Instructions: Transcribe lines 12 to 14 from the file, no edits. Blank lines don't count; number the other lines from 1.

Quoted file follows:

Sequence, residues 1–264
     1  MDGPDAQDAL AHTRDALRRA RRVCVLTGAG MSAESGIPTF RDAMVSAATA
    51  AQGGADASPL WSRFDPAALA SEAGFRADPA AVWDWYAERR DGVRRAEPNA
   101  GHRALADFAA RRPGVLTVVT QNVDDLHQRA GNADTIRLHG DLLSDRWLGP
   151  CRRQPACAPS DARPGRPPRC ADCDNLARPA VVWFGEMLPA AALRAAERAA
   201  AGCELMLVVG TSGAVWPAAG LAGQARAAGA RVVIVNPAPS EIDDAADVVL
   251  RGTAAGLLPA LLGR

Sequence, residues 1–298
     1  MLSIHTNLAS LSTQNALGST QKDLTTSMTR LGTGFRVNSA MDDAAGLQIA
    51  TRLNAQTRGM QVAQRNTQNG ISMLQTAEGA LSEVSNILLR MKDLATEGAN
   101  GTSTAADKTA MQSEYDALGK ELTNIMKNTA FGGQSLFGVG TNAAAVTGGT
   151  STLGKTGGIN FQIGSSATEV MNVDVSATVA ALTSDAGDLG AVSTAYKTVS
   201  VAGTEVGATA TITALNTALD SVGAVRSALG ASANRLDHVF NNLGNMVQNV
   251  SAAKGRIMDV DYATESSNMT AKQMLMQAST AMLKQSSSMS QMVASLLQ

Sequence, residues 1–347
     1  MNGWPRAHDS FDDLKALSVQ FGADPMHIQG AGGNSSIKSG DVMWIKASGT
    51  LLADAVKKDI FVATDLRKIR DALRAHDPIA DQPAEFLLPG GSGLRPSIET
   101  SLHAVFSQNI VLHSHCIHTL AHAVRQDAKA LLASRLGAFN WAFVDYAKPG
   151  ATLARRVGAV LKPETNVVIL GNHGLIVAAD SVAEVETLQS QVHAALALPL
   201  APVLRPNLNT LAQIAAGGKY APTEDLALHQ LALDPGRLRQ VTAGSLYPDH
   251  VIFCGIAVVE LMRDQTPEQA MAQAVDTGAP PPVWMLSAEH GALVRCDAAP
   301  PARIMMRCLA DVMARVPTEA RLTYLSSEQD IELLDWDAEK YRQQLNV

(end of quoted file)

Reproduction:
   151  STLGKTGGIN FQIGSSATEV MNVDVSATVA ALTSDAGDLG AVSTAYKTVS
   201  VAGTEVGATA TITALNTALD SVGAVRSALG ASANRLDHVF NNLGNMVQNV
   251  SAAKGRIMDV DYATESSNMT AKQMLMQAST AMLKQSSSMS QMVASLLQ